It is also a task that requires a fully open mind and heart. For all the grace of God that trickled down to me as a child from the way my grandfather reared his own kids, I realize now that the best part of grace was a realization that God’s family is large, diverse, and inclusive. As I sat with my grandfather this past Christmas and he tried to speak through the tears in his own eyes of his own realizations about the string of faith we all share, from Sufi to Catholic to Hindu and beyond, I understood that my own spiritual calling, and particularly my calling to interfaith work, were in a sense the best offering of love I could make in the most humble and honest way to him, to my whole family, and to everyone I know and have yet still to know.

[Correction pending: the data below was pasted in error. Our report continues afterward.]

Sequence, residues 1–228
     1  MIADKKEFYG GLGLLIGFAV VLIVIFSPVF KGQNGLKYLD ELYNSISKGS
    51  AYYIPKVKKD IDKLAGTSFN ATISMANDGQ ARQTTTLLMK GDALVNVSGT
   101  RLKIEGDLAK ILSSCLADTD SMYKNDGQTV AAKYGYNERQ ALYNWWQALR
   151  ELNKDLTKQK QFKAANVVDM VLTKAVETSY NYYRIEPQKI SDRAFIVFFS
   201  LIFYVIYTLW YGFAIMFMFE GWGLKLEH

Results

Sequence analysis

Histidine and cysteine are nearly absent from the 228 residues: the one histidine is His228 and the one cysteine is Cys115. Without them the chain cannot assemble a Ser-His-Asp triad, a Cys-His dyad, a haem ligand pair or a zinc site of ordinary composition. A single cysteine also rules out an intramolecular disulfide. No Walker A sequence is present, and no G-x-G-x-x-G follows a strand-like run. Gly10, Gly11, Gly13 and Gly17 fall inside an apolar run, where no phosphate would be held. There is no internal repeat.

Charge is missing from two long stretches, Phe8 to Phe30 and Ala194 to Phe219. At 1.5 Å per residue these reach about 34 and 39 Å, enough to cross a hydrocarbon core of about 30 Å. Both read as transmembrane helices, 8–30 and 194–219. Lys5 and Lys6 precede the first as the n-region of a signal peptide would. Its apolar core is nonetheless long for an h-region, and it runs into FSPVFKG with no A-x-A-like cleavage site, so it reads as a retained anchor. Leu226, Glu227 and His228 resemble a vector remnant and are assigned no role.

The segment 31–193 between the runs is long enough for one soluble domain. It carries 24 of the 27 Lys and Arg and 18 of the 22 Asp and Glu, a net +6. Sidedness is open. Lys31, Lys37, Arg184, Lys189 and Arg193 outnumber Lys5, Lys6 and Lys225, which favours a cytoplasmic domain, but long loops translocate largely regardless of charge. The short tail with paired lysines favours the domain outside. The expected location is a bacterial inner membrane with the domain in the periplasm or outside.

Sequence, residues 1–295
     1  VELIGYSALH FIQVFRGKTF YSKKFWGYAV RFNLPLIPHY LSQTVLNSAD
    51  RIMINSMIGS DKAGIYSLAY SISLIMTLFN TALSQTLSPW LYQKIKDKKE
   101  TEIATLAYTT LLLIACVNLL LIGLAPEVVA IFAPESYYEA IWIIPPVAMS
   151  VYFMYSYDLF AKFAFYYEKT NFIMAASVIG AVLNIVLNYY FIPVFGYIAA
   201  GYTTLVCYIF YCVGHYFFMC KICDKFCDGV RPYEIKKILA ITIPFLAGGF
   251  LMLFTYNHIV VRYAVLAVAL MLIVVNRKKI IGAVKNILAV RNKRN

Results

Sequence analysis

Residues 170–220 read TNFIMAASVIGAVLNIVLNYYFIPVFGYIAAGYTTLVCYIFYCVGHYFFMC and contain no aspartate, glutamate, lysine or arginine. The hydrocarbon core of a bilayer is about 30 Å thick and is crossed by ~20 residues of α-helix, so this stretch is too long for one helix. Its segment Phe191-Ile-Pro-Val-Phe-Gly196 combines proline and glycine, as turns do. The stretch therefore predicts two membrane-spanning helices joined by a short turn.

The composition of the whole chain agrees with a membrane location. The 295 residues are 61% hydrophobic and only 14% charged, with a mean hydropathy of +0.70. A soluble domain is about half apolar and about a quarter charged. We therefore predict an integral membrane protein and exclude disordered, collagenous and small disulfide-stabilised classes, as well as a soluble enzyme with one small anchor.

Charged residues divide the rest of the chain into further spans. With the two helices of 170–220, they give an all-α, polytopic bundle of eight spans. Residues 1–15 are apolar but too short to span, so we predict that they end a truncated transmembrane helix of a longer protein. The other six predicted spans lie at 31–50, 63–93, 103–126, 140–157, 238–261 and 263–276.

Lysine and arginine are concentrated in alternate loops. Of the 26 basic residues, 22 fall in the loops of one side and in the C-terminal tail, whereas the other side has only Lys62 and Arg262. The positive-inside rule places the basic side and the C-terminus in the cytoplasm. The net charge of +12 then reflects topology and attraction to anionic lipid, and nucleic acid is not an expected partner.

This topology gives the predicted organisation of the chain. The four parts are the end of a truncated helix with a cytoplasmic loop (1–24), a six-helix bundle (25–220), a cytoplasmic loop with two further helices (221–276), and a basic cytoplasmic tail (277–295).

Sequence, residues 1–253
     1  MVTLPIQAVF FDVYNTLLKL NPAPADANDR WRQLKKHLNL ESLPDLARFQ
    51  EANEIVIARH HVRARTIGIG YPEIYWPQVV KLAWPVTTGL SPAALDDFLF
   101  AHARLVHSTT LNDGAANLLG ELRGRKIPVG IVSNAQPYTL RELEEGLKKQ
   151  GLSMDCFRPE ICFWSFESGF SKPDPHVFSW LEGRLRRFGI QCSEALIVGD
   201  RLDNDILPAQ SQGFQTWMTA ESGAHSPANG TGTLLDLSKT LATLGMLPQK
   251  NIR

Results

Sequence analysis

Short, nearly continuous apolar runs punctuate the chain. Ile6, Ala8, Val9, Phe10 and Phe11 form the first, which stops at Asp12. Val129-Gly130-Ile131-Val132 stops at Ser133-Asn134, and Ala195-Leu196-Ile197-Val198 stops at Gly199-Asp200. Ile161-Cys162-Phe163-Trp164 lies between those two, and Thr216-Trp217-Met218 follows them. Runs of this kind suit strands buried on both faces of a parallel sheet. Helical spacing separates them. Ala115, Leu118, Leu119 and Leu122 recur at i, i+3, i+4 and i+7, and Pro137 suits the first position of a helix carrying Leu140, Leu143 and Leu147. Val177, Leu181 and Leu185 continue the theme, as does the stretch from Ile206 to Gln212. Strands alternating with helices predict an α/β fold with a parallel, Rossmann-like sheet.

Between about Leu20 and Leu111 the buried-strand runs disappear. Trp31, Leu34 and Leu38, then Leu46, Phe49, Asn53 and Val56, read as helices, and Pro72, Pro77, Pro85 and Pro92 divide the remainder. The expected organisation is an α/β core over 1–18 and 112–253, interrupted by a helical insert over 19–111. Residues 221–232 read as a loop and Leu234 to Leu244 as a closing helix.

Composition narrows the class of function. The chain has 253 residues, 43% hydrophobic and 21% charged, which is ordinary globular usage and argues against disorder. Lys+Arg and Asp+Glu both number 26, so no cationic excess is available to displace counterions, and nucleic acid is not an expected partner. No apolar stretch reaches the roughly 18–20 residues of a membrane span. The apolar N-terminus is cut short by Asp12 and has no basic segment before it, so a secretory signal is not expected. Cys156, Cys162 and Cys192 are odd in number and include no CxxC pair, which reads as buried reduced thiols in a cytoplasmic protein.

A lot of what is communicated between us is unspoken, in a language of respect and pride in the heart which sometimes words can’t quite grasp. All I know is that without his blessings, I have no chance to pursue a life devoted to the cultivation of love of God, for myself and for others.
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Burning, beating, the heart of the person who tries to soar towards God must be firmly set in the gratitude of those who have laid the path before him, who guide him with blessings, knowledge, and love. My heart beats in the same way as the heart of my grandfather. Our hearts are united in the compulsion that draws us like a magnet despite our meager resistance into the loving arms of God.
A version of this article was first published February 7, 2012, on the Faith House Manhattan Blog.